Mayra Blanco is a rising senior from Alexandria, VA, majoring in Psychological Sciences and minoring in Kinesiology and Health Sciences. She is very excited to work under Professor Konefal this summer and learn more about activism and human rights in Guatemala during the 1960s-90s. Professor Konefal's book about the history of Maya resistance and state repression inspired her to look deeper into indigenous rights at a global scale and throughout history. She grew up in a predominantly Quechua-speaking family (indigenous language) and learned a myriad of Andean traditions and cultural products such as folkloric Bolivian dances and music. Growing up she overheard many conversations about political movements in Bolivia regarding indigenous rights and grew curious about the political atmosphere in Bolivia during Evo Morales's presidency and how it impacted indigenous people's occupations in that time period. With her academic background, she looks forward to applying psychology and health sciences to activism in indigenous communities impacted by political movements and the understanding of generational trauma in indigenous families and communities. She is elated to embark on this new journey in her academic trajectory at William & Mary and to enhance her knowledge on political activism and human rights in indigenous populations across the Americas specifically in its application to occupational therapy, which is the field she will be entering in the near future. Mayra is involved in Griffin School Partnership in the Literacy Lab, Best Buddies, W&M Campus Buddies, Latin American Student Union, W&M Remote Area Medical, Conversations to Remember Non-Profit Corp., W&M Mosaic House, Zodiacs Dance Crew, W&M First Generation and Low Income (FGLI), and a member of the PLUS cohort of 2020 (WMSURE), Alpha Lambda Delta and Phi Eta Sigma Honor Society, and La Hermandad de Sigma Iota Alpha Inc. at W&M.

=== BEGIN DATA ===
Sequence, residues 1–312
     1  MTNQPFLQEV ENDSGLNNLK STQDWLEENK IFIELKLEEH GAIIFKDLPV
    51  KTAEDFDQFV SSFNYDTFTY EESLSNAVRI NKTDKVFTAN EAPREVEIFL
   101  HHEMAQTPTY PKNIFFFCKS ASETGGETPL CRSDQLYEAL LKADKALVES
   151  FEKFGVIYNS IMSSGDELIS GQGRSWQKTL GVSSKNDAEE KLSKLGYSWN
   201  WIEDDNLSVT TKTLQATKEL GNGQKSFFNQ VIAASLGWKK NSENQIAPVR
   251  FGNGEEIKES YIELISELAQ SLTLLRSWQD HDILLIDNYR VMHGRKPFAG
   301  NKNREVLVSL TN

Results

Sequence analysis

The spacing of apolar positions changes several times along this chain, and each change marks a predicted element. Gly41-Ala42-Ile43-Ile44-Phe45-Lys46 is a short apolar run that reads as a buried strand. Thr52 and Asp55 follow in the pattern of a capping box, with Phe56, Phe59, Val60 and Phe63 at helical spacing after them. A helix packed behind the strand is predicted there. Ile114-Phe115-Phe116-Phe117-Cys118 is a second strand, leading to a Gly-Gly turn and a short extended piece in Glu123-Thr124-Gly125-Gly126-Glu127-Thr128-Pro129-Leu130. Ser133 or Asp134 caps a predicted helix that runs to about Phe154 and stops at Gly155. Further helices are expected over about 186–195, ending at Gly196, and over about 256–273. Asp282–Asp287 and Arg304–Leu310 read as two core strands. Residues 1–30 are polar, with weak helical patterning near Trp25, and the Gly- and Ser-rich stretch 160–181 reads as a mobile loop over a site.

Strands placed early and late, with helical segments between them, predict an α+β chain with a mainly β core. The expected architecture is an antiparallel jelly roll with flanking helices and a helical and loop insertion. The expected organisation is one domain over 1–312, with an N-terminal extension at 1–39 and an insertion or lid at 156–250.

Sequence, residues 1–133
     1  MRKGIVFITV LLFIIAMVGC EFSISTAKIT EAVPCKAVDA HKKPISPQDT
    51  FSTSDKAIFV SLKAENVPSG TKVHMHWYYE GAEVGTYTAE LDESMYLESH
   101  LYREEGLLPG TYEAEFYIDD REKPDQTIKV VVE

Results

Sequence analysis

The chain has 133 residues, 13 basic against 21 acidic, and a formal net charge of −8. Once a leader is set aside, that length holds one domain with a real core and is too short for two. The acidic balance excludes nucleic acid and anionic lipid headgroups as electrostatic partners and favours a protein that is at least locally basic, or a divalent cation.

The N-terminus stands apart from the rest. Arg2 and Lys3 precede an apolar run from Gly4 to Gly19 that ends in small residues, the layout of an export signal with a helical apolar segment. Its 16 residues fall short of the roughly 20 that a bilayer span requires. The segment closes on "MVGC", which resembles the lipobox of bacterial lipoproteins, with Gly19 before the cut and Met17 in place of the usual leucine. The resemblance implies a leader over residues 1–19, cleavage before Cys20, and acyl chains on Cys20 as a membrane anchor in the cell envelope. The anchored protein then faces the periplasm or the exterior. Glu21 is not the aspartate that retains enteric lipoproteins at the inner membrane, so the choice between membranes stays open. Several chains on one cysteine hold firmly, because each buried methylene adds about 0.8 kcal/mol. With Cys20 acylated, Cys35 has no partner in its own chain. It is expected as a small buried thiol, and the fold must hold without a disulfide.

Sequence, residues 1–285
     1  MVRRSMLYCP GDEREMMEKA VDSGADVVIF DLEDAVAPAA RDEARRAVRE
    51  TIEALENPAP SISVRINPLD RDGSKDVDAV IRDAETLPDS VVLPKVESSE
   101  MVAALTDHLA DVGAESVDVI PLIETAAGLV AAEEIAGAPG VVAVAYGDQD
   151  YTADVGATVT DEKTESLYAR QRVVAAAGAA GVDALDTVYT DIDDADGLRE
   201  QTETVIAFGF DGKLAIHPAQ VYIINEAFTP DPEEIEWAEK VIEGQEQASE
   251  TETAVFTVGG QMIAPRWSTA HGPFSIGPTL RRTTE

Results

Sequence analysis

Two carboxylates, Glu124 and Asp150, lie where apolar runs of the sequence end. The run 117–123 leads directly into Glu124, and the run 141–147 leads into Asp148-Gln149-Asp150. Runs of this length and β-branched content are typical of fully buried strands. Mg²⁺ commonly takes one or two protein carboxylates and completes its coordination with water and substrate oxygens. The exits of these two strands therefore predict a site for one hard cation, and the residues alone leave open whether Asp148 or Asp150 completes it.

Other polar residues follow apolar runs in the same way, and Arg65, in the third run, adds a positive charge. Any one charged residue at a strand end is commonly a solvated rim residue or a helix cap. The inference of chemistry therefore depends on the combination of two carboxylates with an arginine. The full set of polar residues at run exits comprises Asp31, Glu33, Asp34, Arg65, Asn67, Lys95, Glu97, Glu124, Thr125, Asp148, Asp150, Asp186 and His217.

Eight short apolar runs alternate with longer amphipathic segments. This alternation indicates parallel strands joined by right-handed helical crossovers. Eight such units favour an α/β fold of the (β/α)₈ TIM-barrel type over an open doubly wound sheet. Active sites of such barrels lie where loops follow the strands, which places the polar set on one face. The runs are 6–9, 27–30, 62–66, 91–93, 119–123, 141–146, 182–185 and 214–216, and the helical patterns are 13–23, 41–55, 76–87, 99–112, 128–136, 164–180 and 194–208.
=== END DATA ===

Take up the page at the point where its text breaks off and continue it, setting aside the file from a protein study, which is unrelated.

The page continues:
Laina Lomont is a rising senior from Washington, D.C., pursuing a double major in history and government. Last summer, Laina interned with the Comisión Provincial por la Memoria in Argentina, where she used declassified archives and interviews to build profiles of people who were ‘disappeared’ throughout the military dictatorship in the 1970s and 1980s. Laina will deepen her understanding of human rights and transitional justice issues this summer while conducting research about Catholic student organizing in Guatemala during the 1960s and the revolutionary group, Ejército Guerrillero de los Pobres. At William & Mary, Laina is a research assistant for the Geospatial Evaluation and Observation Lab (geoLab) and serves as the Managing Editor of The Monitor, W&M’s Journal of International Studies. She is also involved in Chi Omega Sorority, Campus Buddies, and Birding Club.